Desert Animal Companions of the Navajo Nation




Spay/Neuter Partnership, Kayenta, July 12 - 16, 2004

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Spay/Neuter Partnership Delivers Animal Services to Kayenta

Girl and dogThe Spay/Neuter Partnership came to Kayenta the week of July 12 - 16, 2004, under the banner of "Healthy Animals, Healthy Families, Healthy Communities." The partnership brings together several organizations from Arizona, Utah, and New Mexico that provide an array of much needed animal services focusing on free spay/neuter, low-cost vaccinations, and humane education. Animal overpopulation is a problem that contributes to animal starvation and suffering, the spread of disease, dogs running in packs, and the threat of dog bites to people. Widespread spay/neuter services and responsible pet ownership offer a solution to these problems.

Normally, the closest veterinary services to Kayenta are in Tuba City or in Page, 90 miles away. (Dr. Bahe of Tuba City Veterinary Clinic comes to Tom's Feed Store parking lot in Kayenta on Wednesdays; the focus of his practice is mostly large animals.) Incidents of parvo and distemper for dogs and feline leukemia for cats are common. Mange, infestations of brown dog tick, and other parasites are also common. Female cats who are not spayed may go into heat as often as every few weeks, dogs twice a year, and the population of homeless animals just keeps growing. This creates a serious problem for community health.

Vaccinations In response to this need, trucks and staff of the mobile spay/neuter units travel long distances to provide services. The dedicated crews and veterinarians overcome many challenges and hazards. The Arizona Humane Society traveled up from Phoenix, with veterinarian Dr. Derek Osterheld on board. Plateauland Mobile Veterinary Clinic came from Flagstaff, with veterinarian Dr. Carol Holgate, who also maintains her own practice in Tuba City, and Paula Johns, Director of Operations. SNAP traveled from Albuquerque, NM, with veterinarian Dr. Jean Wolfgang and Claudia Roll, Southwest Program Manager.

All services were provided from the parking lot of the Kayenta Chapter House. The Kayenta community gave a great response to the services. Clients lined up early in the morning for the free spay/neuter surgeries and each day the trucks were full. Throughout the day, people kept stopping by for the low-cost vaccination packages. During the week in Kayenta, clinics had to deal with flat tires, awnings whipped by wind and dust, and the failure of a generator on the SNAP unit which forced the crew to stop performing surgeries a day earlier than planned. The groups shifted and shared the load on Thursday, which allowed all animals on board the trucks to receive their surgeries.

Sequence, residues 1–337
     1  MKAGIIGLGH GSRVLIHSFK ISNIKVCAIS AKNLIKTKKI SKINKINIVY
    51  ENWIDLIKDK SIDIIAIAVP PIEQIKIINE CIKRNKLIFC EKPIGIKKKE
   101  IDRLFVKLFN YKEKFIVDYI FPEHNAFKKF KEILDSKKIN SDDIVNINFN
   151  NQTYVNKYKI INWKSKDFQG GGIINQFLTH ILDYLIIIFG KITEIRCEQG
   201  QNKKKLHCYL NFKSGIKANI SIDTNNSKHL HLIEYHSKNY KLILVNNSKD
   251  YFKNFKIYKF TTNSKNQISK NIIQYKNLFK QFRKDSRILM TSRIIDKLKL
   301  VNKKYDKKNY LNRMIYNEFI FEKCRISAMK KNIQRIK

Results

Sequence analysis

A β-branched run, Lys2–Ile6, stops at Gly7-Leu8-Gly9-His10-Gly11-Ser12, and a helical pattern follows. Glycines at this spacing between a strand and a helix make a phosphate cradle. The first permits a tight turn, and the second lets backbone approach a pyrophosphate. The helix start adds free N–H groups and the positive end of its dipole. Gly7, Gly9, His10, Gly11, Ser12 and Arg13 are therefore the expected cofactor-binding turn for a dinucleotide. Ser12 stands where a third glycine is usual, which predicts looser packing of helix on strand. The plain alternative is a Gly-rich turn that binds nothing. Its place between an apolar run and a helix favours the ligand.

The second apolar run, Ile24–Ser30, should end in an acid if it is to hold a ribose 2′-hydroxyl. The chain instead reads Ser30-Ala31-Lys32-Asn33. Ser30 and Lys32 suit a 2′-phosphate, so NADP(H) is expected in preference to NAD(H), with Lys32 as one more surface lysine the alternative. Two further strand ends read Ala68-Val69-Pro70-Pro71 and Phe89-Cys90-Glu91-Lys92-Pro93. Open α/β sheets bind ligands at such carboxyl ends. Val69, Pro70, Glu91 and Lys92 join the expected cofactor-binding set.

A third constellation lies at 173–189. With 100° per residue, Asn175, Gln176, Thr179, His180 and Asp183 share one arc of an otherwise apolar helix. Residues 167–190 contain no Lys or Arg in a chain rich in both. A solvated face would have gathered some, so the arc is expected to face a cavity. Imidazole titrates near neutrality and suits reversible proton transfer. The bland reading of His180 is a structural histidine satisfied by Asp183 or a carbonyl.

The total number of surgeries performed this week by all groups combined was 203 with over 400 vaccinations given. The free surgeries and low-cost vaccinations are made possible by grants sought by the groups.

Humane Education Sherry Woodard, animal behaviorist, and Cathie Myers, Director of Humane Education, traveled from Best Friends Animal Society of Kanab, UT. They provided free collar and I.D. tags for cats and dogs, answered animal behavior questions, and distributed humane education literature. They also demonstrated use of pet care products, such as flea protection and coat combs, that could be purchased locally at Bashas. Groups of children from the Boys and Girls Club visited the Humane Education booth, participating in exercises designed to increase awareness of responsible pet care. Over the course of three days, more than 300 dog and cat collars were distributed and more than 200 I.D. tags. Tova Salabye, outreach coordinator for SNAP, worked the tag machine and helped a line of people waiting for I.D. tags. Tova is also the Program Coordinator for the Navajo Nation Puppy Adoption Program. Her position and program is grant funded with support from The Pegasus Foundation, International Fund for Animal Welfare (IFAW) and Arizona Humane Society. Patty Finch and Robin Mason, both from PETsMART Charities in Phoenix, also volunteered with the humane education booth.

Staff helps with collars Local volunteer Frank Ramsey assisted the veterinary technicians all week with the SNAP clinic. Frank is working with Kayenta Township to open an animal shelter in Kayenta next year. Volunteer Rose Moonwater assisted Plateauland Mobile Veterinary Clinic. Volunteers working with the clinics provide information to clients and help clinics spread their services even further.

A similar week of services was provided in May in Shiprock and was an overwhelming success. The groups hope to provide more such events. All services are coordinated through the Navajo Nation Veterinary & Livestock Program, under the direction of Glenda Davis, Program Manager. Chapter houses that want to receive similar services should contact Glenda Davis, at (928) 871-6615.

New collar, leash and I.D. tag Thanks to all the service providers, the community of Kayenta, and the Navajo Nation for a successful week!

Combined schedules for the spay/neuter providers can be found here.

All Photos courtesy of Patty Finch, PETsMART Charities.

The story continues here about what happened in Kayenta following the clinic services week.




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